COLOR HER COUNTRY: Rissi Palmer’s Color Me Country Artist Grant Fund was designed to support aspiring country artists of color. (Photo provided)
Grammy-nominated artist and “Color Me Country” radio show host Rissi Palmer is curating a new performance series at The Carolina Theatre of Durham. The inaugural Center Stage: The Wavemakers Series launches Jan. 25 with Southern fusion singer-songwriter Denitia.
“I love this community and Durham especially is a community that is extremely open to new and interesting art and music, so it seemed like the coming together of all these things that I’m really excited about,” Palmer said. “Giving opportunity to people, paying them fairly and giving them an opportunity to shine.”
The series was created to celebrate diverse voices and provide a platform for discovering new artists from a variety of backgrounds and musical styles. The participants are hand-picked by Palmer, who is a resident of Durham, North Carolina.
Center Stage is a commitment to the artists and community with quarterly performances. It’s meant to foster an inclusive space where distinctive voices shine and audiences discover something original. The series allows patrons to explore the artistry and songcraft of each artist through live performance and an interview conducted by Palmer.
“It’s really important for people to know you like that,” Palmer explained of the interview portion. “Artists can sometimes be very one dimensional in that you hear them on the radio or only see them on stage. One of the things I’ve learned through performing over these years is that people really like stories. They want to know the story behind the song. What inspires you? What makes you tick? Why should I buy into you?”
The Carolina Theatre of Durham is happy to play host.
“We believe Durham is the cultural capital of the Triangle,” said Joe Student, senior director of live events for the Carolina Theatre. “Arts-loving patrons of this region expect the Carolina Theatre of Durham to be a showplace for the very best in arts and entertainment programming, as has been the case for nearly a century. For this series, we’ve entrusted the curation of that programming to Rissi Palmer, a talented artist who is both part of the creative ecosystem and the geographical community.”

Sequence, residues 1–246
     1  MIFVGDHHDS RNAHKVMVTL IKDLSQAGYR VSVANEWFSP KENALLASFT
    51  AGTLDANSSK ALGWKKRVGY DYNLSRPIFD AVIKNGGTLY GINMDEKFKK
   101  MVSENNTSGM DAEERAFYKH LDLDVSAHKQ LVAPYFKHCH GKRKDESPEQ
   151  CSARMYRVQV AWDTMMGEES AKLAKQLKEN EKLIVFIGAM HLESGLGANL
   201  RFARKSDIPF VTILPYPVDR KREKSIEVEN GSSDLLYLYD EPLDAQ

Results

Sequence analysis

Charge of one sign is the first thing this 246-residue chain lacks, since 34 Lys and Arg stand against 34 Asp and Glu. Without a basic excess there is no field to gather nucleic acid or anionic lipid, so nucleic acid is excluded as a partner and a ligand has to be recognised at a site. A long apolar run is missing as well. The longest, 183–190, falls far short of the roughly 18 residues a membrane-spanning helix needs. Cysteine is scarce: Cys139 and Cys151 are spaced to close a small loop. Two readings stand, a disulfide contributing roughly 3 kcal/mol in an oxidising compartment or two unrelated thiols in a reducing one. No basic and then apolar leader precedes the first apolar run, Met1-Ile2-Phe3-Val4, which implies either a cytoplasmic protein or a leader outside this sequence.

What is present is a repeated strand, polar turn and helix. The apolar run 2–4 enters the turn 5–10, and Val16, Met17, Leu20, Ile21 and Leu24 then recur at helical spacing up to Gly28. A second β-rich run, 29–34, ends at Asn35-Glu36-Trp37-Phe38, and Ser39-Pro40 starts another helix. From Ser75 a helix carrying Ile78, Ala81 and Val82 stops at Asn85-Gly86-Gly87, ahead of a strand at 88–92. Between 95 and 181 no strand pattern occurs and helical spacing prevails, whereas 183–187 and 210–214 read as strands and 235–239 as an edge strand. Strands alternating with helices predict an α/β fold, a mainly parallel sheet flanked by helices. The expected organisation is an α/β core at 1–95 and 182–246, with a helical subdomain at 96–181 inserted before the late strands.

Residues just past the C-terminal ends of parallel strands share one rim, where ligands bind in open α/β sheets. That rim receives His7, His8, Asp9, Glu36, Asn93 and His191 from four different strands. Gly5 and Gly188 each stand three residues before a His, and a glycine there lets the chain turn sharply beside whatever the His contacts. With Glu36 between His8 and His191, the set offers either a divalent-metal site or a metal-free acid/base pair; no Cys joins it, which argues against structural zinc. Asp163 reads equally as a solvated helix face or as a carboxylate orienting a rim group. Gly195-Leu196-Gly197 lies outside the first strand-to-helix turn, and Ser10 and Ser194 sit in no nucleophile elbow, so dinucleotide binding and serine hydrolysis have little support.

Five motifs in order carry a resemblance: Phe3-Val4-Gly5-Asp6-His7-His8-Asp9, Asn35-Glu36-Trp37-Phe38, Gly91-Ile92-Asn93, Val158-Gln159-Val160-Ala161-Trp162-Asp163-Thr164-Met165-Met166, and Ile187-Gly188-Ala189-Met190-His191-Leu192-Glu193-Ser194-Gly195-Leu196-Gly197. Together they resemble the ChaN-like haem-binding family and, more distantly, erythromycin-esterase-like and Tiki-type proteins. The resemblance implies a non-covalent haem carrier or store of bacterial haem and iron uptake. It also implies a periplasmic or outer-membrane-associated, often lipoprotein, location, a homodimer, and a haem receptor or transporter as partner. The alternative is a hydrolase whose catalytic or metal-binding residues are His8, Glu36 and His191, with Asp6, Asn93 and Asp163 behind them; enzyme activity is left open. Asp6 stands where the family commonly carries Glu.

Encouraging inclusion and diversity is part of the mission. The 1,323-capacity venue opened in 1926 when prejudicial Jim Crow laws were enforced throughout the South. For 37 years, the venue was segregated. Black patrons were forced to use a separate ticket window and access was restricted to the balcony. After years of pressure and protests, the city of Durham desegregated the theater on Aug. 5, 1963. A free Confronting Change Exhibit at the theater honors the leaders who stood up against segregation and fought to make the theater accessible to all. The venue, which was added to the National Register of Historic Places in 1981, is operated by the nonprofit Carolina Theatre of Durham, Inc. under a management agreement with the city.
“Larger than the series, this whole segment of my life/career is about paying things forward,” Palmer said. “And making sure that people that come after me have an easier time. There were a lot of people who opened doors for me at the beginning of my career. And a lot of people who continue to open doors for me and to say my name in rooms that I’m not present in.”
Palmer has been an advocate and voice for underrepresented artists throughout her career. She highlights country artists of color and those who have been overlooked by mainstream country music through her radio show, “Color Me Country with Rissi Palmer” on Apple Music. Her Color Me Country Artist Grant Fund was designed to support new country artists of color who are just beginning to build their music careers. With Center Stage, she is bridging genres and embracing the opportunity to showcase unique talent.
“I love that they were open to the people I wanted because this is a business of buzz,” Palmer said. “It’s nice to have some names that may not necessarily be a part of the mainstream but are just as important, just as relevant. I feel blessed and honored to be asked to do that.”
The first performer in The Wavemakers Series, Denitia, is also a recipient of Palmer’s 2023 Color Me Country Artist Grant. Denitia’s music fuses elements of country, folk and rock informed by her southern heritage. Her sound has garnered her critical acclaim and recognition, including being named a 2023 AmericanaFest Showcasing Artist, being named to the 2023 Black Opry + WXPN Artist to Watch Residency and being featured in The Nashville Scene’s 2023 Country Music Almanac.
“We intend to book this curated series on a quarterly basis in conjunction with Rissi Palmer and with respect to her — and the selected artists’ — availability,” said Student, who helped create the series. “We won’t force a booking each quarter, but we plan to schedule four Center Stage shows per year.”
The series has an affordable base ticket price of $25. And the Carolina Theatre will partner with other local music and artist-centric groups and organizations to help raise awareness of the artists and the series.
“Often our headlining artists are well-known names with proven commercial appeal,” offered Student. “For this series, we acknowledge the selected artists will likely be talents who are yet to be discovered by a wider audience.”
“The thing that I love about working with the Carolina Theatre is their willingness to put the artists first,” Palmer said. “That was a really big deal. More so than ticket sales. More so than having a big name. They really are trying to be at the forefront of supporting artists on their way up as opposed to meeting them at the top. It’s adventurous. It’s risky. But it’s a cool thing that they are allowing me to do.”